While studying at ASU, Gourdine has been involved in numerous volunteer activities on and off campus that help her learn how to address poverty and inequalities in local communities.

“To me, sustainability isn't only about protecting the environment but improving the well-being of the community and addressing resource inequity,” she said.

Geberemaram, a graduate student studying global education at the Mary Lou Fulton Teachers College, plans to take the experience and education received from this opportunity to give back to the ASU community by promoting sustainability and equity in education. A first-generation American and mother of two, Geberemaram is returning to school through ASU Online to become a leader in global education. She seeks to incorporate sustainability practices and the impact of human activity on the planet into curriculum.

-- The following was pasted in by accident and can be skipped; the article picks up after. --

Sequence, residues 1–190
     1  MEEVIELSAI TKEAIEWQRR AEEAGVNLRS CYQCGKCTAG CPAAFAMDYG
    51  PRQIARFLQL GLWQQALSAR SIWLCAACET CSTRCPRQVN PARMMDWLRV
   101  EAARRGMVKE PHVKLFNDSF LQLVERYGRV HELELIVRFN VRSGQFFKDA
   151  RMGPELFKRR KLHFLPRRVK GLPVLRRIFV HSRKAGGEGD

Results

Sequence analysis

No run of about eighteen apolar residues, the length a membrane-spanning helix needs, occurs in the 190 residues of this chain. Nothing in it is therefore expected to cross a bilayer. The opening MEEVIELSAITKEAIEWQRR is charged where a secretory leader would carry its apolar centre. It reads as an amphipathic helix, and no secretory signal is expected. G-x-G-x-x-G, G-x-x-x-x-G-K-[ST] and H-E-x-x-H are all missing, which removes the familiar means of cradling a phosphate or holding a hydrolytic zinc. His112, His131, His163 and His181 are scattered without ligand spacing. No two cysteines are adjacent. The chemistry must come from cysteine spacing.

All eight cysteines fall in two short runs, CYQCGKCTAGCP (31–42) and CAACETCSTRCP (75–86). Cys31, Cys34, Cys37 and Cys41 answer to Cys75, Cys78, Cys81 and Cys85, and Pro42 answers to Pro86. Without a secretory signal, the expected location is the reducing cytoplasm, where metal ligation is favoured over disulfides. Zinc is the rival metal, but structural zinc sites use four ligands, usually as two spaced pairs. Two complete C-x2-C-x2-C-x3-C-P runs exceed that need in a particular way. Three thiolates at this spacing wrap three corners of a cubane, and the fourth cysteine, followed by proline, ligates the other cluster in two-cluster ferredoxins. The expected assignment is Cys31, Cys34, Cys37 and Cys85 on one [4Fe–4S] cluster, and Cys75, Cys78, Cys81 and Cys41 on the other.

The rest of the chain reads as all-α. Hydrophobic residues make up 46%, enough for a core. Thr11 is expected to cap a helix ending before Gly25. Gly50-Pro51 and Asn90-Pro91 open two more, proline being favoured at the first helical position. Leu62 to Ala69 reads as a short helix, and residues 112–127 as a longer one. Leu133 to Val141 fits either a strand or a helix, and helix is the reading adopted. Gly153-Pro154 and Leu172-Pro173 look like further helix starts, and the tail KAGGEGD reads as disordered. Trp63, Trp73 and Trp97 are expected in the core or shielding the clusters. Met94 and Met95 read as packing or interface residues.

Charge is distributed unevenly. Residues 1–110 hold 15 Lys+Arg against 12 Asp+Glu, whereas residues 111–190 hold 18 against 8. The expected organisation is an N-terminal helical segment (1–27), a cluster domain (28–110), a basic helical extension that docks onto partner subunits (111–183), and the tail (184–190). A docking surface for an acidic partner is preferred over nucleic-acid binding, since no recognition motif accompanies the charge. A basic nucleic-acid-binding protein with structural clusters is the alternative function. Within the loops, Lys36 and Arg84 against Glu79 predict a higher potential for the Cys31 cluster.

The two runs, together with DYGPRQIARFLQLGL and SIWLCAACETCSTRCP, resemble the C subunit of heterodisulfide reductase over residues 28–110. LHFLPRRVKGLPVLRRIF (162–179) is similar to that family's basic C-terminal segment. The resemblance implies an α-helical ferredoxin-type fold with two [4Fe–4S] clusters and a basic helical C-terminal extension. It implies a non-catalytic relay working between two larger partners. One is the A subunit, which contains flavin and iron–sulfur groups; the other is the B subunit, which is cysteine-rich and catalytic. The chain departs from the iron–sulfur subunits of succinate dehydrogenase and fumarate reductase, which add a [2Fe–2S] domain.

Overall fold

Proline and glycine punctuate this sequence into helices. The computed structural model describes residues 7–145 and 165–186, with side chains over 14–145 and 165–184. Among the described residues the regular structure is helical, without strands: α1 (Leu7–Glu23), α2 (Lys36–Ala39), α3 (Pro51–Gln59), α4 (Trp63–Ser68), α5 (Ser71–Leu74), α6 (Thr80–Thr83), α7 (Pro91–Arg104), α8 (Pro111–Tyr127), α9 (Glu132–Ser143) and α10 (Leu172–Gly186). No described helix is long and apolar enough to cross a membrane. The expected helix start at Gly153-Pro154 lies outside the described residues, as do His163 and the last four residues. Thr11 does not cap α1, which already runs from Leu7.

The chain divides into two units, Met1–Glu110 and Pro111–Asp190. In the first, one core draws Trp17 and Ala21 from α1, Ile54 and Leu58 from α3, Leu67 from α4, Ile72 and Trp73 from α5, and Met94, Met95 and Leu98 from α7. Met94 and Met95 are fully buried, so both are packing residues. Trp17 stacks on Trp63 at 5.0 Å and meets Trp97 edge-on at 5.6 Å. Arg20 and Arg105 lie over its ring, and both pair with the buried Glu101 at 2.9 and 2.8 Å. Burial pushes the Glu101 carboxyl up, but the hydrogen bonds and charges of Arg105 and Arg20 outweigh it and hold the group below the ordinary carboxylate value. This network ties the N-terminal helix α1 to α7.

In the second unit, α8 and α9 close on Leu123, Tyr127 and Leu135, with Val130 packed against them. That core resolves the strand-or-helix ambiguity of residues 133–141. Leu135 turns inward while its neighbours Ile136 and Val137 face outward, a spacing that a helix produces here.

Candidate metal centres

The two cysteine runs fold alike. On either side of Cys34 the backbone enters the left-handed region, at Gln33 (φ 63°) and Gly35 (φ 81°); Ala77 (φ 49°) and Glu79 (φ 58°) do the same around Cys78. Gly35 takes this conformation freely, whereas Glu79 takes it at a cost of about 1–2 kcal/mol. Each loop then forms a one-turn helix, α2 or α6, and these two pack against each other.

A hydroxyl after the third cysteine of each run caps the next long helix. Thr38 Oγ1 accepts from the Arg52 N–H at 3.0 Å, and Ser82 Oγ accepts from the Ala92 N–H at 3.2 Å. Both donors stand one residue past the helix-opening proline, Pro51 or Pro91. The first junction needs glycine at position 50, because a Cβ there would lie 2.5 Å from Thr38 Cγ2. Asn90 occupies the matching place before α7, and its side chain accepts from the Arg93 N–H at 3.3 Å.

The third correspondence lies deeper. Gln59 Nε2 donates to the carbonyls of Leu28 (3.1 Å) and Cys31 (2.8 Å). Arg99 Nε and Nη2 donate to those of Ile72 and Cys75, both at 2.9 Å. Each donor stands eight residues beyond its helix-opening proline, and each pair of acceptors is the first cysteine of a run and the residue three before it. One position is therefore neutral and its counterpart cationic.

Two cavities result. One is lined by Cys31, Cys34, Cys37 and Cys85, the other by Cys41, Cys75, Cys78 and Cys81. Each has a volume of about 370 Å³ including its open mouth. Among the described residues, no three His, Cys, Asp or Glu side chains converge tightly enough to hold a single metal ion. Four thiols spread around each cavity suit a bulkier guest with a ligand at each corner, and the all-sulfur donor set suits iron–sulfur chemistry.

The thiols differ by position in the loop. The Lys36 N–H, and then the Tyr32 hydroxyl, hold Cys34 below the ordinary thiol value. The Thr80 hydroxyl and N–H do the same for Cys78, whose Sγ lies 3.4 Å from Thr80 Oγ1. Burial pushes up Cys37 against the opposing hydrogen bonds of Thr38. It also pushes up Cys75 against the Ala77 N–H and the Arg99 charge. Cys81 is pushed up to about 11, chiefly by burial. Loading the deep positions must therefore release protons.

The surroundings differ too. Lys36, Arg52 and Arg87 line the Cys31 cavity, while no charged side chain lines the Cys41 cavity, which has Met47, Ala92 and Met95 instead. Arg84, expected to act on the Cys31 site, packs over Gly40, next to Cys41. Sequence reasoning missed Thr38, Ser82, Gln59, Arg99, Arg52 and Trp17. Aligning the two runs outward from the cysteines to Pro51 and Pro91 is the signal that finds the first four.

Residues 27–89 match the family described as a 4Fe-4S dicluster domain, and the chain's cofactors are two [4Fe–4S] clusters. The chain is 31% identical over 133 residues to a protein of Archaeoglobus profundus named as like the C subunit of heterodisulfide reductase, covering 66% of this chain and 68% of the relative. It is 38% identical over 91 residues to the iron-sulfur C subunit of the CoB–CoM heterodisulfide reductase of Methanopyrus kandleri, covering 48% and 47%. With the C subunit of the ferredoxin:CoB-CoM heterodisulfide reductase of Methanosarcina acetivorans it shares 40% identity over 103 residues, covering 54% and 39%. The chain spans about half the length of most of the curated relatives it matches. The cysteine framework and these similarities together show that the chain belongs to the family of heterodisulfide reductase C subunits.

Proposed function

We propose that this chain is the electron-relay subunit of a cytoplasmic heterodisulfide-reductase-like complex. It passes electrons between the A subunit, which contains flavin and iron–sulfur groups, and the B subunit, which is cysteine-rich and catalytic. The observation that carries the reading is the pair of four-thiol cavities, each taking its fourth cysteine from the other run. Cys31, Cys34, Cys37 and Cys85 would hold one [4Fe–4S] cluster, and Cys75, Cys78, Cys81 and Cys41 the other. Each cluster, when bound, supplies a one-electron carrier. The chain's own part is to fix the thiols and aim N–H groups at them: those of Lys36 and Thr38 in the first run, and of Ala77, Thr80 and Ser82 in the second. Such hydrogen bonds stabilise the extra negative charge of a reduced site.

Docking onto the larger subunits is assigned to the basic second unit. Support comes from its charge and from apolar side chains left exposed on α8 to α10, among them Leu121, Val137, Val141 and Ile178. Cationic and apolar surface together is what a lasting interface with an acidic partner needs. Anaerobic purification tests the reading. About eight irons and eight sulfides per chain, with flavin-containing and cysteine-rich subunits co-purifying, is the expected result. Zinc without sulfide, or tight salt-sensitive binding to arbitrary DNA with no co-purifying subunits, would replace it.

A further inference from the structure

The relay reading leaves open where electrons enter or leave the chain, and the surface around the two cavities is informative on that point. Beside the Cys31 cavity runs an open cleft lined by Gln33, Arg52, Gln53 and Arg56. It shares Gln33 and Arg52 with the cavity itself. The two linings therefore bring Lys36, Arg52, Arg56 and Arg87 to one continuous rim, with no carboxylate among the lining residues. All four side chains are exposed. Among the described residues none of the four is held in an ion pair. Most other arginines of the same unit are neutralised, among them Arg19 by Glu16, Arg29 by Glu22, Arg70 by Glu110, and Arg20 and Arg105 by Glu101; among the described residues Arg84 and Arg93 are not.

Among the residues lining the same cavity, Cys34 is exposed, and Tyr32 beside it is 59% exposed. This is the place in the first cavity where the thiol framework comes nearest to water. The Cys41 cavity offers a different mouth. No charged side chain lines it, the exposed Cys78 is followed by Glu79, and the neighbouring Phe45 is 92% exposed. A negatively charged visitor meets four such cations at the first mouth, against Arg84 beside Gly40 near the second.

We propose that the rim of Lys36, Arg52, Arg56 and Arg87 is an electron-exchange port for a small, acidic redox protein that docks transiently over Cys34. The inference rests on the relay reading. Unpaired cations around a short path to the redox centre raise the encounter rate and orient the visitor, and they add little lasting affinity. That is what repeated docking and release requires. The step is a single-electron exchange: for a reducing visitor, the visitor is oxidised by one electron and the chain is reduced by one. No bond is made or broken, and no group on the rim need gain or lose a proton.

“I am deeply committed to education and environmental stewardship and believe that they are interconnected,” Geberemaram said. “Through my academic and career goals, I hope to make a positive impact by promoting educational equity and environmental sustainability.”

Kenja Hassan, a member of the African and African American Faculty and Staff Association, or AAAFSA, and assistant vice president of cultural relations in ASU’s Office of Government and Community Engagement, was instrumental in establishing the partnership with Canon Solutions America in early 2022.

“Environmental equity came up numerous times during our conversations, in part due to Canon’s positive stance on taking responsibility for the environment and human prosperity,” Hassan said. “That evolved into conceptualizing a scholarship that would support students who want to play a role in environmental protection and the protection of under-resourced communities.”

The partnership between AAAFSA and Canon Solutions America began as a response to the health disparities made evident by COVID-19. The idea was to create a scholarship to address the palpable issue of pollution and other environmental challenges, which are more likely to impact areas with a lack of financial resources.